Retirement Blog

Finance Blogs » Retirement » Get junior off the couch

Get junior off the couch

By Jennie L. Phipps · Bankrate.com
Thursday, November 3, 2011
Posted: 3 pm ET

If junior is living in the basement after losing his job or not being able to find one in the first place, consider yourself typical. It's an increasingly commonplace retirement planning dilemma.

According to the U.S. Census, the percentage of men age 25 to 34 living in the home of their parents rose from 14 percent in 2005 to 19 percent in 2011. Daughters did better -- 8 percent lived at home in 2005; 10 percent in 2011.

For younger offspring, the numbers are even higher with 59 percent of men age 18 to 24 and 50 percent of women that age living in their parents' homes in 2011. College students who only live part of the year in the dorm are included in these numbers.

It's hard to think about kicking your kid out when jobs are so hard to find, but if he has become a permanent fixture on the couch and he's getting in the way of enjoying retirement, here are some things to consider:

  • Working a McJob isn't the end of the world. These jobs may not pay very well, and you may have to kick in a few bucks if you want your kid to get one and move out. But everyone might be better off in the end if it leads to permanent employment. And it could -- somebody has to be the manager.
  • Push him to look hard for a job that he wants. Personally, I've found nagging to be very effective. Daily emails and other messages from you about possible job opportunities may be enough motivation that he'll get moving in a direction that he finds more appealing than any idea you could ever come up with.
  • Give him a job. If your son isn't going to go to work someplace, he can take over lots of responsibilities at home -- cooking, cleaning, washing, yard work. A couple of weeks of this and McD's will look a great opportunity.
«
»
Bankrate wants to hear from you and encourages comments. We ask that you stay on topic, respect other people's opinions, and avoid profanity, offensive statements, and illegal content. Please keep in mind that we reserve the right to (but are not obligated to) edit or delete your comments. Please avoid posting private or confidential information, and also keep in mind that anything you post may be disclosed, published, transmitted or reused.

By submitting a post, you agree to be bound by Bankrate's terms of use. Please refer to Bankrate's privacy policy for more information regarding Bankrate's privacy practices.
4 Comments
Bob
November 05, 2011 at 1:30 am

Adults all know that having a job at McDonalds is better than having no job. That's a big problem with today's youth. They expect to get a good paying job, great hours, etc, right out of the gate from college. Unfortnalty, few actually get it in today's job market, then feel because they have a 4 year degree they're too good for a grocery store job, restaurant, temp job, etc, and it's this attitude that keeps our unemployment over 9%. There are jobs out there, just not great ones.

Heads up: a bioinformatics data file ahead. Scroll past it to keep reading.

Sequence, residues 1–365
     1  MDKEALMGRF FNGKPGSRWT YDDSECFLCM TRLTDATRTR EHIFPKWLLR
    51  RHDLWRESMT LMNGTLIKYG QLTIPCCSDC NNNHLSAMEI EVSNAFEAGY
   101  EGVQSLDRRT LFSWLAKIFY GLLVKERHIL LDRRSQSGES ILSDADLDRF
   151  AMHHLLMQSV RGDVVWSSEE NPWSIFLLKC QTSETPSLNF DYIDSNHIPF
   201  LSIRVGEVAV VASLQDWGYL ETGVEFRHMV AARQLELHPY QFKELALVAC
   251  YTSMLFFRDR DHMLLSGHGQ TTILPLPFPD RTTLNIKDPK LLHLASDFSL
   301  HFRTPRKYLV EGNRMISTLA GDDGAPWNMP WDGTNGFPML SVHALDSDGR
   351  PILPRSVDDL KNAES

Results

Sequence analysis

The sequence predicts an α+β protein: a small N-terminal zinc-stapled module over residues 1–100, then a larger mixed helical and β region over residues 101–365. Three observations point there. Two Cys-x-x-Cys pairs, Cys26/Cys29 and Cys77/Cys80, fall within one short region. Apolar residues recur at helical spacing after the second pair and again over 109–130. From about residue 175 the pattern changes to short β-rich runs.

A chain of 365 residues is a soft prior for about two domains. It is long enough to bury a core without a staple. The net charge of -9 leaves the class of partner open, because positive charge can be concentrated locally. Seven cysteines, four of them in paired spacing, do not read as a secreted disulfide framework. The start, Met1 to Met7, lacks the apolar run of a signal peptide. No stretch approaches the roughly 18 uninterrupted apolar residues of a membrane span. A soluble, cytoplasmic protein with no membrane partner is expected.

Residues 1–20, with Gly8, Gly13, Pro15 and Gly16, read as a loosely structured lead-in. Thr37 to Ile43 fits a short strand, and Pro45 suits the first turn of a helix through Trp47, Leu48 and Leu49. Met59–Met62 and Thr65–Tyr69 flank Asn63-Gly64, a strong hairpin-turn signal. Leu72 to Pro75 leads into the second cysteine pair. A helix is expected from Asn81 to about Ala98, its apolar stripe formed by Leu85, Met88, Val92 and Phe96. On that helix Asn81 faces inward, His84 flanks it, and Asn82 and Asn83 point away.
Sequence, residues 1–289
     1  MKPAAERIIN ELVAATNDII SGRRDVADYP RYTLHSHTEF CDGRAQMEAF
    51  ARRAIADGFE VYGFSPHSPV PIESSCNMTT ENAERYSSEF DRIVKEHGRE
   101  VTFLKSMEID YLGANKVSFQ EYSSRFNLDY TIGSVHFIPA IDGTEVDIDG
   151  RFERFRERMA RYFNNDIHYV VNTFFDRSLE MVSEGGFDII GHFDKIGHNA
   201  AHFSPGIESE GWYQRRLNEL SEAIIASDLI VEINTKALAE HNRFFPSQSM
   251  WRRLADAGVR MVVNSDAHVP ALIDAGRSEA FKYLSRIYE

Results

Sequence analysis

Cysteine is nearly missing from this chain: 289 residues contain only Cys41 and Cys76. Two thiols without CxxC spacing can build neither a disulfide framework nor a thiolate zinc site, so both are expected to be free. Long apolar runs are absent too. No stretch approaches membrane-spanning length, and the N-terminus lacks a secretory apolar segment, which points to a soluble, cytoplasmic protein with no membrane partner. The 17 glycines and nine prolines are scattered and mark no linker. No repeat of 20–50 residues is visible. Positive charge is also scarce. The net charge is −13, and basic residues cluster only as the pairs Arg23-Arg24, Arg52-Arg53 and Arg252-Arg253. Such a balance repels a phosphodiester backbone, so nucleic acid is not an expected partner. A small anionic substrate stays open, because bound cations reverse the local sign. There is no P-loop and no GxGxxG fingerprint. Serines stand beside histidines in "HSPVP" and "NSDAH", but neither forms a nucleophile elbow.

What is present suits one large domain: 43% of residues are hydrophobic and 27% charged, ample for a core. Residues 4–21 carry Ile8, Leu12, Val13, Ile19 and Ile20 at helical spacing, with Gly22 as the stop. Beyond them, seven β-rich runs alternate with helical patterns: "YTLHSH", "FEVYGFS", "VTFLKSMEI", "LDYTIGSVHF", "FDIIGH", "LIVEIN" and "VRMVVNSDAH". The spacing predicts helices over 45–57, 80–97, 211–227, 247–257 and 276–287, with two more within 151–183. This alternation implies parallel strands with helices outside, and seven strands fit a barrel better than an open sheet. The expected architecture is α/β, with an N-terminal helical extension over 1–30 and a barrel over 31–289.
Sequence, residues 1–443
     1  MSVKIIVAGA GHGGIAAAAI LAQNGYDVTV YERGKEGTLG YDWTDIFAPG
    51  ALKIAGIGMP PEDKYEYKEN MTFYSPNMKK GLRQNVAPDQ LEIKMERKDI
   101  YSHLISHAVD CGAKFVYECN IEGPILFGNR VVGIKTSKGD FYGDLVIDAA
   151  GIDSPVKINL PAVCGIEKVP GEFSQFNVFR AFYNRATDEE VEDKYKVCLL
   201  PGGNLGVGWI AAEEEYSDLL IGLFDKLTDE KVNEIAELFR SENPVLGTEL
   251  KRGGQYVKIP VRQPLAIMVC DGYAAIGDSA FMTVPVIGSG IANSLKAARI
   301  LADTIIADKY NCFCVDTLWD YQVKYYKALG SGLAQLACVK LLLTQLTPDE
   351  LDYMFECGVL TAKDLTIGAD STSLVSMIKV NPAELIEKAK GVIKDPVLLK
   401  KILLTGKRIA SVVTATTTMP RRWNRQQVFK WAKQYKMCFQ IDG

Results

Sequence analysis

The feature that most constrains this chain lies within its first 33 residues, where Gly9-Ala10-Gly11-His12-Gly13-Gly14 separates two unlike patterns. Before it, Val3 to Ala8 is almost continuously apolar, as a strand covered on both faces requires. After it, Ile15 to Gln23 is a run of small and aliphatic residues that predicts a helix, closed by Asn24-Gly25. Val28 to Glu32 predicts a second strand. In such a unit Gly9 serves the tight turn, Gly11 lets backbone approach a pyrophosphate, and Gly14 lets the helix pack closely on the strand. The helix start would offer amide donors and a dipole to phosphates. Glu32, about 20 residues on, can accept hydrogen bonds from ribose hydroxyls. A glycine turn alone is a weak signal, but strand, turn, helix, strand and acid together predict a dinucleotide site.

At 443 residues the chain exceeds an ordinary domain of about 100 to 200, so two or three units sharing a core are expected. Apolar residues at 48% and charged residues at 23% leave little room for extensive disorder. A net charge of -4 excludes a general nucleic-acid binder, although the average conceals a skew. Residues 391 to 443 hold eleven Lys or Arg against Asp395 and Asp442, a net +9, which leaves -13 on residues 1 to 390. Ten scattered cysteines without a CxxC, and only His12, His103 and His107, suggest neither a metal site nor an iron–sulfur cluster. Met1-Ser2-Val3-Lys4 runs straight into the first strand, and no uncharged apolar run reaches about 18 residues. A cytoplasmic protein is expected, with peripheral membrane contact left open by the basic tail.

Wolverine
November 04, 2011 at 10:15 am

If junior is just lingering at home and not even putting on the effort to help at all... then the blame falls squarely on the parents. They're simply enablers.

Sure, the economic times are hard, but that doesn't mean they can't take out the trash or help paint the house, or pick up some technical skills or deliver pizzas.

If they are allowed to just sit there and play video games or sleep in all day, then whose fault is that for not course correcting them?

Single Mom-
November 04, 2011 at 8:53 am

My son lost his job at 21, he was very depressed, played video games all night, and slept all day (mostly to avoid me). My rule is go to college, get a job, or move out. If living here without a job, he owes me two or three hours of work every day to pay his rent, then job search after that. I woke him up daily earlier than he would like, nagged until jobs I assigned were done, and sent him out to look for a job. It doesn't hurt to network with your contacts to help him find a job, I did so without telling him. He got serious about finding a job! He landed a job at the local grocery store 4 years ago and has been a different man ever since. He goes to work 5 days a week, has health insurance and a 401K, his employer loves him and says he is one of their hardest workers, smiles more than he has ever smiled, cleans the gutters and some house work, made a fence for my garden with a gate with out me asking at his own expense, has confidence in himself, and this fall signed up for two classes at the community college. He pays me about $300 a month and buys $100 to $200 in groceries every month. Right now this is a good deal for both of us. Whenever he is ready, he has my blessing to leave.

John Q Taxpayer
November 04, 2011 at 7:28 am

I can't believe I'm saying this, but there's some good advice here. Anyone can deliver pizzas, and it should be enough money to pay for a cheap apartment or renting a room from a friend. And possibly just as important, don't let your kid rack up a lot of debt while living at home, keep them on a budget.